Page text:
Russian President Vladimir Putin plans to meet Turkish President Recep Tayyip Erdogan in Istanbul on October 10 to discuss normalisation of their relations and accelerating the construction of the Akkuyu nuclear power plant and the Turkish Stream natural gas pipeline.

Putin and Erdogan plan to meet in the context of the 23rd World Energy Congress in Istanbul on October 9-13.

Turkish Energy and Natural Resources Minister Berat Albayrak has reportedly said the congress is very important for Turkey and Russia, especially with regards to Turkish Stream that will carry Russian gas to Turkey and Europe.

Constantinos Filis, director of research at Institute of International Relations, told New Europe that Russian-Turkish relations are in the process of normalisation, but skepticism remains.

Energy cooperation is at the core of the partnership between Ankara and Moscow, some positive developments on nuclear and natural gas cooperation can be expected, Filis said.

“In a sense the Akkuyu nuclear power plant is connected with Turkish Stream,” Filis said.

Erdogan and Putin talked on the phone on October 5, reaffirming their desire to restore bilateral economic ties as well as implementing Turkish Stream and the Akkuyu NPP projects.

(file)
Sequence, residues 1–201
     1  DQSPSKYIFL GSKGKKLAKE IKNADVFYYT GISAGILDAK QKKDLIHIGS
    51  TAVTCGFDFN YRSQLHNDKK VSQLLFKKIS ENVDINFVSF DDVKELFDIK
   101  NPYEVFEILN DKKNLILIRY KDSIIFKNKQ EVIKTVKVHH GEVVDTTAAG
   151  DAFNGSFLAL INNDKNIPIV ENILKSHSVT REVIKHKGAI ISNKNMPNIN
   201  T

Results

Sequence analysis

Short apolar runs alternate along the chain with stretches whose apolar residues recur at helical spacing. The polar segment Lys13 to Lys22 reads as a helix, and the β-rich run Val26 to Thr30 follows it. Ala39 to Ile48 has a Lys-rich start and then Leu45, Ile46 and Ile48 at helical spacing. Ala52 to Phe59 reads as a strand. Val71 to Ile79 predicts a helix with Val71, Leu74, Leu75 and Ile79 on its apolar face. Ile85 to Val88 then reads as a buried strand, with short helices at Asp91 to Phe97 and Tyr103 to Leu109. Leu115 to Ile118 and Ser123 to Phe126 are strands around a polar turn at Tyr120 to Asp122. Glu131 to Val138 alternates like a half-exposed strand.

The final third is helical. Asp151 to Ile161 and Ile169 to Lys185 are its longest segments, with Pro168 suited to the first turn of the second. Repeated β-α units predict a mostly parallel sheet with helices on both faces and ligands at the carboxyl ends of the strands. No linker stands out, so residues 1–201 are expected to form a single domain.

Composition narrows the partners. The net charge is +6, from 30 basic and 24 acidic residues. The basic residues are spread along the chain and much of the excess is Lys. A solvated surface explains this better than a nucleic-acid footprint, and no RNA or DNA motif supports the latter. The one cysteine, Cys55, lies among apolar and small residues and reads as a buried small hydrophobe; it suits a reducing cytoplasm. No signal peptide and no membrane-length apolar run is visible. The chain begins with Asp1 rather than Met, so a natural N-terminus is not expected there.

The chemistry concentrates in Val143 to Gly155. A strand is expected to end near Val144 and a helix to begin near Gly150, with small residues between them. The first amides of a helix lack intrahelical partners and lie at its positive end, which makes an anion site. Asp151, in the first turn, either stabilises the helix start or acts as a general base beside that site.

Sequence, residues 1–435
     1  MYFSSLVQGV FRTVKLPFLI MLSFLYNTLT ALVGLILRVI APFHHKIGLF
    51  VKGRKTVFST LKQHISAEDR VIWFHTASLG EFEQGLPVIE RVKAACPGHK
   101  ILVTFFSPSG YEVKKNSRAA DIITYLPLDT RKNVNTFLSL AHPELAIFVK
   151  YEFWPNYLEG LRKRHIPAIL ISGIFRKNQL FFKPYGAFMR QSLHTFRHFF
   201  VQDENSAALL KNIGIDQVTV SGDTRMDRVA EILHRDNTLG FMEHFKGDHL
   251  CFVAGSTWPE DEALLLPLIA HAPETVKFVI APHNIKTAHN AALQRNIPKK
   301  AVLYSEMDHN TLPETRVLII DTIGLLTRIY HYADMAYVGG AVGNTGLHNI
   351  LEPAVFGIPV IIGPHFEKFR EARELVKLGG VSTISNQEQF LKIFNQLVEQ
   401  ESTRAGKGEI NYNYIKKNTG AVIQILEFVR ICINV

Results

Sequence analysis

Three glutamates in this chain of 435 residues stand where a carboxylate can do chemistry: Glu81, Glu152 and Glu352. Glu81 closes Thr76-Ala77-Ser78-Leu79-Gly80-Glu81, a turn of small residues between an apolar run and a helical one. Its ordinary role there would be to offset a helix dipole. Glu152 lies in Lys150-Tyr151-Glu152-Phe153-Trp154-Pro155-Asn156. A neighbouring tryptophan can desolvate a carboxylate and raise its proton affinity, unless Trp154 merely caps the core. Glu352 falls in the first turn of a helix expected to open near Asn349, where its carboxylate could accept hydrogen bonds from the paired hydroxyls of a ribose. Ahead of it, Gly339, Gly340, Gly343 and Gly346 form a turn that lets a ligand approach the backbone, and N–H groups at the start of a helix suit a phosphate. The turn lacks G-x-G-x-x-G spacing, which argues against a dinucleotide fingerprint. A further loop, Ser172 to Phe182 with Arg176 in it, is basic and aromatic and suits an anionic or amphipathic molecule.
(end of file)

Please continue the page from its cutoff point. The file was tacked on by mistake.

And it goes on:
Turkish Stream in its first phase will be destined to Turkey’s market and in its second phase might replace in much lower quantities though South Stream, as the southern bypass project of Ukrainian thaw, Filis told New Europe.

“But given the acceleration of efforts to develop Nord Stream II and the possibility – not very likely for now – Russia and the EU reaching an agreement over Ukraine, plus the high construction cost and the unwillingness of Brussels to support it, despite a slight change towards a more positive stance, the European dimension of Turkish Stream is still under question, without entailing that it stands no chance to be materialised,” Filis said.

“As for the Turkish branch, the agreement can only be undermined either by a deterioration of bilateral relations, i.e. over Syria, which for the time being they both want to avoid or if Ankara wants to gain time and instead of preserving its dependence on Russian natural gas, which is around 55% of total consumption, chooses to diversify its mix by securing quantities from its southern neighbours – Israel and/or Cyprus,” Filis said. “But the barriers to this path might prove insurmountable if Cyprus issue is not properly solved,” he added.

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